Nova Scotia

RCMP seeking 7 new officers for Halifax

HALIFAX, N.S. — Halifax RCMP is asking the Halifax board of police commissioners to fund seven new positions in its 2024-2025 budget.

The new positions include:

  • Four new regular duty officers.
  • Two members with special training in intimate partner violence.
  • An assistant detachment commander with the rank of superintendent to oversee operations at the Halifax Regional Detachment.

The funding request will go before the board on Wednesday for consideration before eventually heading to Halifax Regional Council for final approval.

In the last budget cycle, Halifax RCMP added four constables in the 2023-24 fiscal year and six in each of the following two years. The request coming on Wednesday is over and above those incoming officers. In their proposal, the RCMP said they are in the process of hiring the four that were approved last year.

The request points to Halifax’s rapidly growing population, increased homelessness, the growing number of mental health calls and the broadening demands placed upon police.

“Mental health in and of itself is not a criminal matter, however these calls have increased the demand for police response,” reads the request made available before the meeting, noting that the police continue to be the ‘defacto’ responding agency in many such calls.

“Mental health calls for service have become increasingly complex and time consuming, with significant hours of members taken out of service waiting at hospitals.”

The request points to the 2023 Municipal Planning Strategy projection that Halifax Regional Municipality’s population is on-course to double to around one million people in the next 25-30 years.

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 Beyond the four new regular duty members, the request includes two new constable positions working on intimate partner violence cases out of the Tantallon and Cole Harbour offices during regular business hours.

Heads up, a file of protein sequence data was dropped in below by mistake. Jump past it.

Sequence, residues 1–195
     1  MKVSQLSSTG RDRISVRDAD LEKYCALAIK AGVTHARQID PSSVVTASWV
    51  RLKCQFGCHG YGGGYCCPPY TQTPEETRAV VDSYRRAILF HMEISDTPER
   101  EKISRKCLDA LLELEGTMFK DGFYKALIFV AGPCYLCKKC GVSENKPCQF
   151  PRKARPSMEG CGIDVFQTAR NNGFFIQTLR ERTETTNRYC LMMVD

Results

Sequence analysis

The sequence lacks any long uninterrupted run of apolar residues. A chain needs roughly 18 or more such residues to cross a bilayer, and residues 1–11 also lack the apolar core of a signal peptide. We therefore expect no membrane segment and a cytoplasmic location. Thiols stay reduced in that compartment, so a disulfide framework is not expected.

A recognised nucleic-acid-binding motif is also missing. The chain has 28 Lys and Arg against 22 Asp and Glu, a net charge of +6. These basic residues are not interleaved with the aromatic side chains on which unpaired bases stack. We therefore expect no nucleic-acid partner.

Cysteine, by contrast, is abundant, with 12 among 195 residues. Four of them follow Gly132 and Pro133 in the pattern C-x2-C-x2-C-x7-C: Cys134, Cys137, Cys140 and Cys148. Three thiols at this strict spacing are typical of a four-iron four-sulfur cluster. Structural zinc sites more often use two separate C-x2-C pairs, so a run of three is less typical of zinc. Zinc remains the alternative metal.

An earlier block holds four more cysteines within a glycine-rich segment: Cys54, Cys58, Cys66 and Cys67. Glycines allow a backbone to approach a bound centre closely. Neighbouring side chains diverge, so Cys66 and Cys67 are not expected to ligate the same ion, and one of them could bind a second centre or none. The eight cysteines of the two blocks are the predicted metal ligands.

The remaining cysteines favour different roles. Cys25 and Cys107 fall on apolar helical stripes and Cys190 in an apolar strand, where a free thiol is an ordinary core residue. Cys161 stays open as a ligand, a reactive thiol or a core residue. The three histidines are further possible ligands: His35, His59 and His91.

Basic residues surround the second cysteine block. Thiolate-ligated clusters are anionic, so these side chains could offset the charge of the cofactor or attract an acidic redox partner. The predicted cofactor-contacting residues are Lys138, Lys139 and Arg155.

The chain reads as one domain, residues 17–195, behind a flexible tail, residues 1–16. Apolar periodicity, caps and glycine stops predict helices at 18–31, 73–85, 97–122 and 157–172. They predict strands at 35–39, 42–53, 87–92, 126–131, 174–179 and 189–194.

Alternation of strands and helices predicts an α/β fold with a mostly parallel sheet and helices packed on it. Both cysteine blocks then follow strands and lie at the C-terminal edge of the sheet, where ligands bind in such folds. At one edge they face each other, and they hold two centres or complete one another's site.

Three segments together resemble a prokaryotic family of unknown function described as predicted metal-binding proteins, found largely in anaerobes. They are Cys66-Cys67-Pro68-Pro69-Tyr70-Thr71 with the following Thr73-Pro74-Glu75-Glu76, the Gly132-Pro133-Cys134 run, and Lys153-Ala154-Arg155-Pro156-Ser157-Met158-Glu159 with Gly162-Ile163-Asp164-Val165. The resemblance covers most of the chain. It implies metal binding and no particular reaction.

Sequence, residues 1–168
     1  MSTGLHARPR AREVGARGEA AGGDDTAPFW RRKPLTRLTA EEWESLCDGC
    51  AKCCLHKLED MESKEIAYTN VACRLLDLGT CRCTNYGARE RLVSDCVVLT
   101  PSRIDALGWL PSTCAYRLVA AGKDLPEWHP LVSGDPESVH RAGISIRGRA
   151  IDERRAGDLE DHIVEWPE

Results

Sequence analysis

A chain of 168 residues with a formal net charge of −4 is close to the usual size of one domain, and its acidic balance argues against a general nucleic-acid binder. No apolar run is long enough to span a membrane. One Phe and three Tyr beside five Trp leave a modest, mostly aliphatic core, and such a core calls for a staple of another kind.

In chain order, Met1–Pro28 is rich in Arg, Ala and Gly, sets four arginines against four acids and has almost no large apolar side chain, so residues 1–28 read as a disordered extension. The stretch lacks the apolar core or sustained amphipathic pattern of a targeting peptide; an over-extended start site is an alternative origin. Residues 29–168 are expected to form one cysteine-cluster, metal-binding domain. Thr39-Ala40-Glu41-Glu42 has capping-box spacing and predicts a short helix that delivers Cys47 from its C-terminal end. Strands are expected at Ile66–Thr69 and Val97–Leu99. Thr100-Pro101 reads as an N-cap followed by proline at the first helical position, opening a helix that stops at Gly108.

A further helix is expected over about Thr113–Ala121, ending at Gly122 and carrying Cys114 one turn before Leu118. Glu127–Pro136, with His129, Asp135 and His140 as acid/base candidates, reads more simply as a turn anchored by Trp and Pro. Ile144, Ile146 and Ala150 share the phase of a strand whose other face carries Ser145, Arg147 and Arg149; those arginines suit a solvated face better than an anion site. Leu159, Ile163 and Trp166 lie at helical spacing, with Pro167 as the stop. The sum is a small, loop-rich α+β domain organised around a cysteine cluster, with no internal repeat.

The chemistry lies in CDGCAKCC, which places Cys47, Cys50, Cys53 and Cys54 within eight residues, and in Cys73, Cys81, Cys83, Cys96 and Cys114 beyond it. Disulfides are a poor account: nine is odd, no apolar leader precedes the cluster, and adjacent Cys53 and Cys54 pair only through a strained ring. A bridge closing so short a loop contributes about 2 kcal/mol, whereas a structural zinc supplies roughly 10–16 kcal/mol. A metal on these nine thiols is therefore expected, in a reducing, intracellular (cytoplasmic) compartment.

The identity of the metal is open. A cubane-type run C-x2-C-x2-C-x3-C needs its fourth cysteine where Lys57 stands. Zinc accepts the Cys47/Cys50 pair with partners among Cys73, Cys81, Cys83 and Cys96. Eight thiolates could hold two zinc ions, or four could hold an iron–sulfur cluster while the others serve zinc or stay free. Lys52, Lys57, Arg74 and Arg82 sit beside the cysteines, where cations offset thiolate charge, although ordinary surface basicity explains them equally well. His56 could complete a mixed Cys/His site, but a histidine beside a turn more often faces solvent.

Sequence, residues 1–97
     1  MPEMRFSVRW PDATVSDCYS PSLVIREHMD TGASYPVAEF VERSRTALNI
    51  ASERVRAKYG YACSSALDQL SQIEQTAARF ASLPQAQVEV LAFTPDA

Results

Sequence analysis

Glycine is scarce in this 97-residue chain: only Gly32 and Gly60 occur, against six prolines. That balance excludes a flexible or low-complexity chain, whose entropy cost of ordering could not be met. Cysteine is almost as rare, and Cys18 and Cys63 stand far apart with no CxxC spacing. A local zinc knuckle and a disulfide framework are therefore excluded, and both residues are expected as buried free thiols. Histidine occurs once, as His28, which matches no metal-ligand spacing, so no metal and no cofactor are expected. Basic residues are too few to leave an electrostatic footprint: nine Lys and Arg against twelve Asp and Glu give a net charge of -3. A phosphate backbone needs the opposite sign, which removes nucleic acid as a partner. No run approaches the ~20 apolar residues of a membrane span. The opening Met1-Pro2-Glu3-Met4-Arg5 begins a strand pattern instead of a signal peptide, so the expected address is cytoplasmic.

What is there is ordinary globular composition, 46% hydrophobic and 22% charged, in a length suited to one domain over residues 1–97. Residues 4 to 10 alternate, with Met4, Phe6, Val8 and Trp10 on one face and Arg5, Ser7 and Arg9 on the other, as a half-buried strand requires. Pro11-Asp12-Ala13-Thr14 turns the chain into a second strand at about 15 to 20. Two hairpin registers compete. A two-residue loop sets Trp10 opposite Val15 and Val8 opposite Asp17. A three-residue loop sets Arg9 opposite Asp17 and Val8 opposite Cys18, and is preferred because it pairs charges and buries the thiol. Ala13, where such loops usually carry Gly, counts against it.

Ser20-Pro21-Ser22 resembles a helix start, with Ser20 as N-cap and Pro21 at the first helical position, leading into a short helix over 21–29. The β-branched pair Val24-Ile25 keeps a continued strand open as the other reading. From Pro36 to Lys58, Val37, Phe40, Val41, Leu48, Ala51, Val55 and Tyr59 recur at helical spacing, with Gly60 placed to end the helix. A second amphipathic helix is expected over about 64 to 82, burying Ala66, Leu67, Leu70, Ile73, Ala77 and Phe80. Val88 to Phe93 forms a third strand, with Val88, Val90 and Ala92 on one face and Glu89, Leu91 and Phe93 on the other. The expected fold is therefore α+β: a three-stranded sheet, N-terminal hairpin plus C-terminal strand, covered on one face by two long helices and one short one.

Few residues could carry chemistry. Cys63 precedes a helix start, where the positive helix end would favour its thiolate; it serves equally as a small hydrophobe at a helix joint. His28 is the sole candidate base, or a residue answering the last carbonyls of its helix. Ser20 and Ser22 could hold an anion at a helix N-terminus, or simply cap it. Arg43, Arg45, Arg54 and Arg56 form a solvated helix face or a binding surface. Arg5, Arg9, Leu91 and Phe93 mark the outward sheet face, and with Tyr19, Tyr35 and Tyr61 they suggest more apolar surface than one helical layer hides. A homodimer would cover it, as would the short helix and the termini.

In 2022 the Halifax RCMP detachment responded to 616 calls flagged as domestics with 214 flagged as high risk. Those calls have been primarily handled by regular duty members who work on shifts – meaning that officers experienced with particular cases are sometimes not working during business hours.

“Due to shift lengths and scheduling parameters for health and safety, this scheduling pattern creates variations in times that a client/victim can be in contact with the investigator,” reads the funding request.
“(Intimate partner violence) files often require in-depth investigations. Due to their domestic nature, the situations are often complex and benefit from consistency given multiple protocols and frameworks guiding police and victim response. It is also recognized that (intimate partner violence) files/incidents are often under reported.

“(Intimate partner violence) files are inherently high risk and require experienced and trained investigators. While high-priority files can be reassigned from watch to watch, a dedicated investigator will have a more consistent shift pattern with greater accessibility to victims and services providers.”

The new assistant detachment commander is pitched as overseeing operations in a growing and increasingly busy detachment.

The all-inclusive per officer cost in 2022-23 was $179,052. This number includes pay/pension, vehicle/equipment, training, administration, building, insurance and building costs.

Halifax Regional Municipality is responsible for 70 per cent of the RCMPs costs and the federal government covers the remaining 30 per cent.

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The RCMP request comes after Halifax Regional Police put in its own proposal seeking 24 new officers.

In his October presentation to the Police Board, HRP Acting Chief Don MacLean broke down their request for the upcoming fiscal year:

  • 18 constables for the patrol division (12 of whom would have special training for mental health calls).
  • One hate crime constable.
  • Two instructor positions.
  • Two civilian investigators to run background checks for new recruits.
  • One Employee and Family Assistance Program co-ordinator.

During public feedback sessions, the board heard strong opinions both for and against the new officers.

Some presenters said the money for the new officers should instead go to housing supports and mental health professionals.Meanwhile others said that increased foot patrols and police presence were needed.

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